evidence appears to it, to be essential to the arrival of a just
decision of the case. Undoubtedly, Cr.P.C. has conferred a very
wide discretionary power upon the court in this respect, but such

CRL.REV.P. 812/2018 Page 3 of 6
a discretion is to be exercised judiciously and not arbitrarily. The
power of the court in this context is very wide, and in exercise of
the same, it may summon any person as a witness at any stage of
the trial, or other proceedings. The court is competent to exercise
such power even suo motu if no such application has been filed
by either of the parties. However, the court must satisfy itself,
that it was in fact essential to examine such a witness, or to
recall him for further examination in order to arrive at a just
decision of the case.

xxx

15. The scope and object of the provision is to enable the court to
determine the truth and to render a just decision after
discovering all relevant facts and obtaining proper proof of such
facts, to arrive at a just decision of the case. Power must be
exercised judiciously and not capriciously or arbitrarily, as any
improper or capricious exercise of such power may lead to
undesirable results. An application under Section 311 Cr.P.C.
must not be allowed only to fill up a lacuna in the case of the
prosecution, or of the defence, or to the disadvantage of the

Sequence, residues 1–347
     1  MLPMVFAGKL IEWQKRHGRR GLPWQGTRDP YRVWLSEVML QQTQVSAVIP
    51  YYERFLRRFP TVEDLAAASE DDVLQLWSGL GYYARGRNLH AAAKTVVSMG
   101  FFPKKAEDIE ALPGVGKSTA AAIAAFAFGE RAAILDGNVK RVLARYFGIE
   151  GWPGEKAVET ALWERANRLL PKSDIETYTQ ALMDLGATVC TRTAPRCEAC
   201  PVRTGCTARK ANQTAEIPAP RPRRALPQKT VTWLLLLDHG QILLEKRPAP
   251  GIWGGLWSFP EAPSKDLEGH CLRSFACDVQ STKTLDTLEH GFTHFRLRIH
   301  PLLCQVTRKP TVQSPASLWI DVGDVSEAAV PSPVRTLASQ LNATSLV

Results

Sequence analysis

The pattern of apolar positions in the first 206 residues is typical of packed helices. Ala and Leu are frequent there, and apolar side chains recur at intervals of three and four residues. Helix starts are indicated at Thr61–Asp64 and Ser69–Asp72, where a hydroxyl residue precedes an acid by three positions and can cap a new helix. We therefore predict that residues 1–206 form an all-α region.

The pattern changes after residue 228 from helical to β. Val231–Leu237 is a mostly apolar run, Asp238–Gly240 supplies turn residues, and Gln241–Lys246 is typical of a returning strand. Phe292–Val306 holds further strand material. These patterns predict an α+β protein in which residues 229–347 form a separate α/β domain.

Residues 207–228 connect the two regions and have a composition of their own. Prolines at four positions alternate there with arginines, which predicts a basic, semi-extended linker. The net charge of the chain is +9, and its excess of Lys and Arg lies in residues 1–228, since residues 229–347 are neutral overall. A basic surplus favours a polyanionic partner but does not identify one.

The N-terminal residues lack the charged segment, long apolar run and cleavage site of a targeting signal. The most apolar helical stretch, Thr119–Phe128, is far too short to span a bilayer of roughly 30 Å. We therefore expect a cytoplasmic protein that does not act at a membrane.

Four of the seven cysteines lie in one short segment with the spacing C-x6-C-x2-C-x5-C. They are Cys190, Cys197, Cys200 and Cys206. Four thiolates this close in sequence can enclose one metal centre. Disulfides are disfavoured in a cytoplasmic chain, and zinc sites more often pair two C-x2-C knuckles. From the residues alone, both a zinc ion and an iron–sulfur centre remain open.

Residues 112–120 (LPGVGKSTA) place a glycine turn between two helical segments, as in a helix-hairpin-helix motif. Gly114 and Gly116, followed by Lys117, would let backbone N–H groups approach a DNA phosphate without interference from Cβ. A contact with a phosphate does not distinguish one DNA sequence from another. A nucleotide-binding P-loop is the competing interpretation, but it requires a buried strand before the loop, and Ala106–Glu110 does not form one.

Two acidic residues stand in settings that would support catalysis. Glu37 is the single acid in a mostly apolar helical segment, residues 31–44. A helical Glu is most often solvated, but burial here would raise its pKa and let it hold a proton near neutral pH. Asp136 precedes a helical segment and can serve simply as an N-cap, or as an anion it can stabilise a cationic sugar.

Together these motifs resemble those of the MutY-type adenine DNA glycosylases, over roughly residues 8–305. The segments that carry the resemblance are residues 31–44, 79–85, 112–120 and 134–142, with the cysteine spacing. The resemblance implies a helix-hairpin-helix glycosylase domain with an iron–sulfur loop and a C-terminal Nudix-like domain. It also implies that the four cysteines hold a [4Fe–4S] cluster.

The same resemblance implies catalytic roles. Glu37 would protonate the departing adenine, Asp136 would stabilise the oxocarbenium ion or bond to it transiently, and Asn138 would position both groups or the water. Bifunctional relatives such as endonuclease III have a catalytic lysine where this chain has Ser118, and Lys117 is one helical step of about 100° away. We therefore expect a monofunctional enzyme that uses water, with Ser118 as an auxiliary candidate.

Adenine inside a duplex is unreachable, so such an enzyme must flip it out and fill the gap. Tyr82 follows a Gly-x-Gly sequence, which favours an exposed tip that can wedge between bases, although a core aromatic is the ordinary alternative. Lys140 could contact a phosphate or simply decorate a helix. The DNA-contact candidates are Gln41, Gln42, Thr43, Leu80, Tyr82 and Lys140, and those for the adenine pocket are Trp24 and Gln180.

accused, or to cause serious prejudice to the defence of the
accused, or to give an unfair advantage to the opposite party.
Further, the additional evidence must not be received as a
disguise for retrial, or to change the nature of the case against
either of the parties. Such a power must be exercised, provided
that the evidence that is likely to be tendered by a witness, is
germane to the issue involved. An opportunity of rebuttal
however, must be given to the other party. The power conferred
under Section 311 Cr.P.C. must therefore, be invoked by the
court only in order to meet the ends of justice, for strong and
valid reasons, and the same must be exercised with great caution
and circumspection. The very use of words such as “any court”,
“at any stage”, or “or any enquiry, trial or other proceedings”,
“any person” and “any such person” clearly spells out that the
provisions of this section have been expressed in the widest
possible terms, and do not limit the discretion of the court in any
way. There is thus no escape if the fresh evidence to be obtained